Everything Doesn’t Have To Be Done The Simplest Way
For a simply life to succeed long-term, it’s important to remember one very important thing: Everything doesn’t have to be done the simplest way every time.
Consider this a suggestion that you simplify your approach to simplicity.
When you simplify simplicity down to it’s most basic form, you really shouldn’t be leaving the house. The simplest thing to do is to stay home. Driving consumes natural resources, and walking sometimes puts strain on your body.
The simplest thing to do is sit quietly. I suppose you could read a book, but are your eyeglasses really part of the simplest version of your life? You don’t wear complicated-to-maintain contacts do you? And who can be bothered to go buy a book?
You know, I just thought of something that’s great for me, if not for you: My vision is near-perfect without glasses, so I suppose I’m one of the lucky ones. I can look at things without violating my desire to live a simple life.
Of course, none of us want a life that’s so completely simple we don’t even listen to birds singing without guilt.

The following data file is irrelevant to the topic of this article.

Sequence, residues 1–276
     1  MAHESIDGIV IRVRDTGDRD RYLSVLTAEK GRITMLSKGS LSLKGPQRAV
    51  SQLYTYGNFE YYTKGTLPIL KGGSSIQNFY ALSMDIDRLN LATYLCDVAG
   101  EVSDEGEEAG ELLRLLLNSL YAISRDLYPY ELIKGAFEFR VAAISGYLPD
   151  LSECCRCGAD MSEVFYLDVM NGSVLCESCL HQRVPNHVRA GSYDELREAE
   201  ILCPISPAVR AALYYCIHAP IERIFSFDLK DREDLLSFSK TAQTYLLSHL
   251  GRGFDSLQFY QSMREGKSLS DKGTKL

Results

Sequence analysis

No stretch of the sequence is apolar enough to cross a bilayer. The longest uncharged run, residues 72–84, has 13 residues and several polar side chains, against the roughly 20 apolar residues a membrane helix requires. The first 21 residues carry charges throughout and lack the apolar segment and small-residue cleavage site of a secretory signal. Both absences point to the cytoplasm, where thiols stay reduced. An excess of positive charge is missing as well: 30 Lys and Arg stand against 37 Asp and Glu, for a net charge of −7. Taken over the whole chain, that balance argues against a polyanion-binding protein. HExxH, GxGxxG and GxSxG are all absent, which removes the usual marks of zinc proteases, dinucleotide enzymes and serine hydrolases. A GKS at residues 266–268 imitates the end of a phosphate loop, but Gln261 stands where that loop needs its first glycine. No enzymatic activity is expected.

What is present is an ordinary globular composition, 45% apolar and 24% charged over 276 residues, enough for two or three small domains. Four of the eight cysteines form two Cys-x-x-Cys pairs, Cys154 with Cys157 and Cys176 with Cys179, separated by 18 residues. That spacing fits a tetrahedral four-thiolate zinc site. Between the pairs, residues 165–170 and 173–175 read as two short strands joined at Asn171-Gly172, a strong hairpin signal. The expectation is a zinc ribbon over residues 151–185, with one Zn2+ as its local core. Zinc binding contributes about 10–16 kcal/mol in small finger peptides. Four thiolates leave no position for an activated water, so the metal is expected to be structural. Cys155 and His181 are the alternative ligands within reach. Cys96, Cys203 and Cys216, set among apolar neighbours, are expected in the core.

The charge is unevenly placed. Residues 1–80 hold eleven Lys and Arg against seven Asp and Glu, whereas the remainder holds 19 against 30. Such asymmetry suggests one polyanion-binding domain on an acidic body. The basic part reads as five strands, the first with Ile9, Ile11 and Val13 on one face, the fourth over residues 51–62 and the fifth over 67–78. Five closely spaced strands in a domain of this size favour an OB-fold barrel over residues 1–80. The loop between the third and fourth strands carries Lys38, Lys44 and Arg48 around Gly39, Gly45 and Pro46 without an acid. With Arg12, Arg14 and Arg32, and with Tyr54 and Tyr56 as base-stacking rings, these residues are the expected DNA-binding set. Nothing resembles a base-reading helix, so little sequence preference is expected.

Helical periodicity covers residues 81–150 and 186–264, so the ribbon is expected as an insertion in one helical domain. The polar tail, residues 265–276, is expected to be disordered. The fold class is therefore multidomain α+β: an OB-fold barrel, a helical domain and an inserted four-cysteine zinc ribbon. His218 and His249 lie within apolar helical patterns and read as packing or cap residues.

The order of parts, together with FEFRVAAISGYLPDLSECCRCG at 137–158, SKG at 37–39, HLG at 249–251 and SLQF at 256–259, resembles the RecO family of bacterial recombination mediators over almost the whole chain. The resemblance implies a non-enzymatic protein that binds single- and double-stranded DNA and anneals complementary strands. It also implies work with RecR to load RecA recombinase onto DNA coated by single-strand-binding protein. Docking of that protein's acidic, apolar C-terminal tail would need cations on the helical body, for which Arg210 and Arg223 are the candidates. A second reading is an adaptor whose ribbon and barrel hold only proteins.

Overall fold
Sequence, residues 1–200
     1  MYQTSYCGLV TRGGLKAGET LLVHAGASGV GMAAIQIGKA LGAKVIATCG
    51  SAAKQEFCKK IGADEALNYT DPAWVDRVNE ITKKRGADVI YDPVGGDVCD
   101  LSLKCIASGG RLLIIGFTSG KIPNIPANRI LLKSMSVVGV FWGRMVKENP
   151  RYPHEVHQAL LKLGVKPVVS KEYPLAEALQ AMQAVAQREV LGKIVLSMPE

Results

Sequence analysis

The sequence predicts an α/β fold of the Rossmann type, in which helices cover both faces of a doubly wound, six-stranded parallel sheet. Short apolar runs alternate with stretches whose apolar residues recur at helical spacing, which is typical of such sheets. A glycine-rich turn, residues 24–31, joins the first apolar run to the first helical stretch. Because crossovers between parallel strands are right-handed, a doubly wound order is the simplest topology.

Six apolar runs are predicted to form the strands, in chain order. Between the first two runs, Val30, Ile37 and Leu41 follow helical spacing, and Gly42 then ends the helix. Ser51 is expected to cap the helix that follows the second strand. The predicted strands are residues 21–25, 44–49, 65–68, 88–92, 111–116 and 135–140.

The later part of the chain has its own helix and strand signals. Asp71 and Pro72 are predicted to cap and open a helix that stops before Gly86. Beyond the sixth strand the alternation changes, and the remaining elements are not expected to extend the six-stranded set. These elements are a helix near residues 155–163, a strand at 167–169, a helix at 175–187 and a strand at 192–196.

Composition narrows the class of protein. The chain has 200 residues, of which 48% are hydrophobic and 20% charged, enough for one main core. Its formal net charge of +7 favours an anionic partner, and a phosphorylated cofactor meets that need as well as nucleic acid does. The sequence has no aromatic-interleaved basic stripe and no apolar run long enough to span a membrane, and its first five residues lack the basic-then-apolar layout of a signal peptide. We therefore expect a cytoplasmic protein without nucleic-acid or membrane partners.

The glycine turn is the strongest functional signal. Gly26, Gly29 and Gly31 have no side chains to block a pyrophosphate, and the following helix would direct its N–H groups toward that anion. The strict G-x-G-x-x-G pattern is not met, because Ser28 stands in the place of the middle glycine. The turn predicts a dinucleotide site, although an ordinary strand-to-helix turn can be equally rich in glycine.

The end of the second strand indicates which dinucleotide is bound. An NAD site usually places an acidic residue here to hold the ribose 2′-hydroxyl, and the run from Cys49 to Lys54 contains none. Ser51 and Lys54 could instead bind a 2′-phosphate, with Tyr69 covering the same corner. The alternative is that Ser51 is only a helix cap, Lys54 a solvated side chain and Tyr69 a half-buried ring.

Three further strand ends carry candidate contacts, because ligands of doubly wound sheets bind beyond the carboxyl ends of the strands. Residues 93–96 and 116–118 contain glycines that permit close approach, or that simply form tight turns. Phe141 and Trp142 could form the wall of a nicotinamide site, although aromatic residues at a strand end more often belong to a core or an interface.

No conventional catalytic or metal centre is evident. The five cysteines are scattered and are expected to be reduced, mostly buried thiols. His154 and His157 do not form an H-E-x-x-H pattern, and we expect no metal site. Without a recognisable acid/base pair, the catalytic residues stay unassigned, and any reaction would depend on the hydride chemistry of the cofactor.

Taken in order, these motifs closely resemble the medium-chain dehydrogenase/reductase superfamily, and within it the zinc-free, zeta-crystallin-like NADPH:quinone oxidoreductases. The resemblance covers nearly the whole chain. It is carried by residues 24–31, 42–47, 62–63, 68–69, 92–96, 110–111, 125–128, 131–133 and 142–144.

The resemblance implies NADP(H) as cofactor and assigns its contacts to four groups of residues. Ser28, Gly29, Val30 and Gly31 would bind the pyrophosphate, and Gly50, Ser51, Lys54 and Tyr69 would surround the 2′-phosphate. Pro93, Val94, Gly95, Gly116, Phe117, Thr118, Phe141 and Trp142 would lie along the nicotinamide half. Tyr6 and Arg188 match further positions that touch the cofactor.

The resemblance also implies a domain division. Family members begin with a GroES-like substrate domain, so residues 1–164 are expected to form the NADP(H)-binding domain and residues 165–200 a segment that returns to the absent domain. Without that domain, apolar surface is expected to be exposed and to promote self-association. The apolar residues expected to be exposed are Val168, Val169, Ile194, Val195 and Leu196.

Guilt, you see, is the by-product of focusing so much on being true to our lifestyle that we don’t live our lives.
Here’s a very mundane and boring example, but it’s on my mind today: A few weeks ago on a Tuesday, David and I went to fast food restaurant 13.5 miles from our home at 8 p.m. to have free cinnamon rolls for which we each had coupons. We made a special trip.
It was simply magnificent trip. With a cold north wind blowing, the sky was clear, and the view as we came down out of the hills around our home was amazing. The cinnamon rolls themselves were wonderful, and we stopped by a grocery store and bought a couple of spices I had been wanting that I couldn’t find at my usual places — on sale for less than half price.
It wasn’t a very simple idea, though, and it would have been more efficient to stay home. The excursion took almost a gallon of gas, took time away from writing assignments I was working on and wasn’t necessary since we planned to be out the next day anyway.
But it was a simple, deliberate pleasure, carefully calculated to bring some joy into our evening.
Choosing to live a simple life at the expense of joy is foolish. Choosing to live simply and make deliberate choices about when to add in unnecessary but joyful complexities is amazing.
When did you last do something that you knew in advance wasn’t really the simple choice but was certainly the right choice?